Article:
Cycling Through Sports, Drugs And TV Viewership

One question about Lance Armstrong and the apparent dethroning of his seven Tour de France titles: Should we still watch cycling on TV -- or, for that matter, any sport that seemingly requires a lot of effort?

Better still, should we believe or engage with those athletes who tout products or services through TV sponsorship?  Or would we rather not know?

While columnists quickly churned out stories about how sponsors -- including the likes of Nike, Anheuser-Busch InBev, 24 Hour Fitness, Radio Shack, Oakley and Trek -- are still backing Armstrong at the moment, the truth is that Armstrong hadn't been much of an on-air factor for those brands lately.

We are left with images and comments of cyclists, including those in the current Vuelta a Espana, the third-biggest three-week cycling race. We continue to watch cyclists beat up each other on the road, churning out four to six hours of physical damage. So we wonder: In such a tough sport, how do they do it day in and day out? Then we are reminded that perhaps they had help.



I'm betting this feeling doesn't leap to stars of other sports like Roger Clemens, Barry Bonds, Andy Pettitte, Manny Ramirez, Ben Johnson and Marion Jones. Maybe athletes in baseball, track & field, rowing, ice hockey and even football are just naturally proficient. A little nutrition or supplement here or there is all they need.

Where does this leave TV viewers? Decades ago, you saw really big NFL players and thought of performance-enhancing drugs. But not so much in the past few years. So football is clean and cycling isn't, I guess.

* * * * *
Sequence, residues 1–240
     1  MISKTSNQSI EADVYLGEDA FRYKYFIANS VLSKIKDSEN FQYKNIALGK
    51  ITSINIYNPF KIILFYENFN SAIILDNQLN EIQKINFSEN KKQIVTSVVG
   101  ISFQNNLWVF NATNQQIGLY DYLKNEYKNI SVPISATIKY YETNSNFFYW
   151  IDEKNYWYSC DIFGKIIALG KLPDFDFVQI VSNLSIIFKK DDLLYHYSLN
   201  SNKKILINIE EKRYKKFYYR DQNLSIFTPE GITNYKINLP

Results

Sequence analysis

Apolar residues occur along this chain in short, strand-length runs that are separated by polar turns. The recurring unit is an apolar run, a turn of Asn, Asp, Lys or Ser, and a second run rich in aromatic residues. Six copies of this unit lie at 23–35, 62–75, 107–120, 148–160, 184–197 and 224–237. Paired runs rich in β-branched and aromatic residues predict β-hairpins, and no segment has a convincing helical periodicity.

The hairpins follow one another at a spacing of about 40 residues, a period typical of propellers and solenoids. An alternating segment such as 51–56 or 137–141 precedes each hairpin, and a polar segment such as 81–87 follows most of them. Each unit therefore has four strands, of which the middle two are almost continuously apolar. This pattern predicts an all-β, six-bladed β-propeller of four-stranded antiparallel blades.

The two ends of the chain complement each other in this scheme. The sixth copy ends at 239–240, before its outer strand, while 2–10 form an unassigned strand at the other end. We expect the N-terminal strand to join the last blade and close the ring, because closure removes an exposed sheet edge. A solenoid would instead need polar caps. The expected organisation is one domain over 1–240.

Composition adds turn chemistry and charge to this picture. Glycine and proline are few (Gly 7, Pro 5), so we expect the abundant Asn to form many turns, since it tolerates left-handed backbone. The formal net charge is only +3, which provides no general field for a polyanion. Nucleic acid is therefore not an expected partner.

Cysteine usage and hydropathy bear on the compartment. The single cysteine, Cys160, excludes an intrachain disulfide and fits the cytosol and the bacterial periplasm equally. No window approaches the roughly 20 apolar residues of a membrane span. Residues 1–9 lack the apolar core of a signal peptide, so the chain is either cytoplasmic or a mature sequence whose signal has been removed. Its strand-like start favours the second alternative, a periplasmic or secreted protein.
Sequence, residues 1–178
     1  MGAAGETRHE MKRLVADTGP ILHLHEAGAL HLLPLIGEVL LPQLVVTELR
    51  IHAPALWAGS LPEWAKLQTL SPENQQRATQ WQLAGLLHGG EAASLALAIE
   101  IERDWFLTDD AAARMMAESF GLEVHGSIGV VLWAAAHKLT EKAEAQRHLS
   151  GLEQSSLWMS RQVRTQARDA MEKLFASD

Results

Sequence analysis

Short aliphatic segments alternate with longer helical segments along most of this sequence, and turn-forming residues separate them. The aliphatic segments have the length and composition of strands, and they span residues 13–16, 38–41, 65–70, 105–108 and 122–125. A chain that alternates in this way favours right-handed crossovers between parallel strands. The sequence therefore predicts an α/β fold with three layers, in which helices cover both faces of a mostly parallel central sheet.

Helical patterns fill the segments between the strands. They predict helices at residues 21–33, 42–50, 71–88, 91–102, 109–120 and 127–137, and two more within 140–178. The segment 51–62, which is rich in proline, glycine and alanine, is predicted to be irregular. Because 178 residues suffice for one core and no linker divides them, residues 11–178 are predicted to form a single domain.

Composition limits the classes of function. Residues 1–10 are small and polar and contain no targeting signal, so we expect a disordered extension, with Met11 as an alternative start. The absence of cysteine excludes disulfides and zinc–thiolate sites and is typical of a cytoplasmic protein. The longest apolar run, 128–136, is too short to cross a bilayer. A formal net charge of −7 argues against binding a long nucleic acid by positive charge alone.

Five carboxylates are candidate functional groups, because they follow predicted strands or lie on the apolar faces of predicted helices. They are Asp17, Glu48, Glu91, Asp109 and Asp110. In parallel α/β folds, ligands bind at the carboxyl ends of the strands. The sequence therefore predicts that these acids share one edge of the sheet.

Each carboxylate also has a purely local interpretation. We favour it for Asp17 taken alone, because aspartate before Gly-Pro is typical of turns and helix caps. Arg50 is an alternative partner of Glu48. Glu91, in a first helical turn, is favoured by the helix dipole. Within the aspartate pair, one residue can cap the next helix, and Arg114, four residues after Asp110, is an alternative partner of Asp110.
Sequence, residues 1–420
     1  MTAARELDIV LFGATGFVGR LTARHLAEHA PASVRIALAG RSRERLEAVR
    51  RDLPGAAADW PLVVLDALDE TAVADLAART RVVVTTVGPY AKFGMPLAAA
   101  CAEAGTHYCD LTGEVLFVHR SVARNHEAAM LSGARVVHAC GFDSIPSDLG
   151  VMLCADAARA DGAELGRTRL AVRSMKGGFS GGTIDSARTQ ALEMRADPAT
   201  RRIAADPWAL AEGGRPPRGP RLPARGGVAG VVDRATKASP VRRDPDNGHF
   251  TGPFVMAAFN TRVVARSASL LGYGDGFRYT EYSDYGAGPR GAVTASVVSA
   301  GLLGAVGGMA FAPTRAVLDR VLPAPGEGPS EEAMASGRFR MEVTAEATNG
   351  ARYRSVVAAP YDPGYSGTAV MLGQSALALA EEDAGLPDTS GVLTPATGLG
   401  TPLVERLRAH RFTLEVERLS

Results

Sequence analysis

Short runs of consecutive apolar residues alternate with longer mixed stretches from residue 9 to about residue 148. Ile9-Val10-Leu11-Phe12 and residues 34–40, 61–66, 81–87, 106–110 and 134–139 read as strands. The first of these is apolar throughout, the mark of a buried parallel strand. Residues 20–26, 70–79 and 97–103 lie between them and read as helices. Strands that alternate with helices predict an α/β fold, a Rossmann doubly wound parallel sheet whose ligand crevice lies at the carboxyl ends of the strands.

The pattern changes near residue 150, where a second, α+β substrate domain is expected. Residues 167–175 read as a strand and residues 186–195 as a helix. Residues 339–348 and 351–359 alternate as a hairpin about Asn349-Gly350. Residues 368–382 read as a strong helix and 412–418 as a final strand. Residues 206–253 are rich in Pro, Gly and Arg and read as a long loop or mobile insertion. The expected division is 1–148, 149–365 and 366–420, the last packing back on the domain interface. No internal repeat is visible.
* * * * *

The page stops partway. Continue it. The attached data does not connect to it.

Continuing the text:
The effect on sports viewers now? Baseball and football ratings are strong, track & field events during the Olympics posted big viewership, and there is more U.S. live coverage of road cycling events than ever.

We want to believe in the pure excitement, thrill – and drama -- of a big sports victory. But that is always the surface; we are just witnessing the end-results of hard training. Short of actually seeing on the TV screen athletes popping pills, or with syringes, or with testosterone patches, viewers will continue to focus on the aspects of competition they want to digest.

3 comments about "Cycling Through Sports, Drugs And TV Viewership".
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  1. Chuck Lantz from, network, September 5, 2012 at 2:57 p.m.

    As a Giants fan, the Barry Bonds situation was a very big deal for me. This extended to Lance Armstrong. I was on the fence about "enhancements" until I heard the following quote from an anonymous major league infielder: "Look, I've got a wife and kids and a mortgage. I've also got three guys, all younger than me and all on the juice, fighting for my job. What am I supposed to do?"
    From that point on, I stopped caring about the issue.

  2. Paula Lynn from Who Else Unlimited, September 5, 2012 at 7:34 p.m.

    When an athlete decides that family responsibility and personal responsibility are more important than sport, then it is time to change professions like everybody else who has to do so when their jobs no longer exist. How many well paid athletes spend like there is no tomorrow and do not plan ? If athletes don't know what happens to an abused body, then there is an extreme lack of education somewhere along the line. Note too, one can be a great athlete without setting records.

  3. Tony Jarvis from Olympic Media Consultancy, September 5, 2012 at 9:09 p.m.

    Wayne your articles are usually superb and insightful however this piece is naive - "football is clean cycling isn't, I guess"?! No guesssing required.

    Sadly there are still many world class athletes notably professionals who are "juiced" in way or another. The drivers of this phenonemon are only too clear - money. As such the ratings are one of those drivers whatever the sport and whether amateur or professional.

    By the way there is no scientific evidence against Lance Amstrong. Prolonging what is and would become an endless witch hunt surely demeens the sports administrators as much as the individual and the sport of cycling. Could it be that Lance opted out of the doping investigation process because it has become as pernicious as doping itself?

    As an Olympian it pains me to write this. Enjoy your sports viewing everyone. Most of the athletes are clean and we should be in awe of their hard work and dedication.

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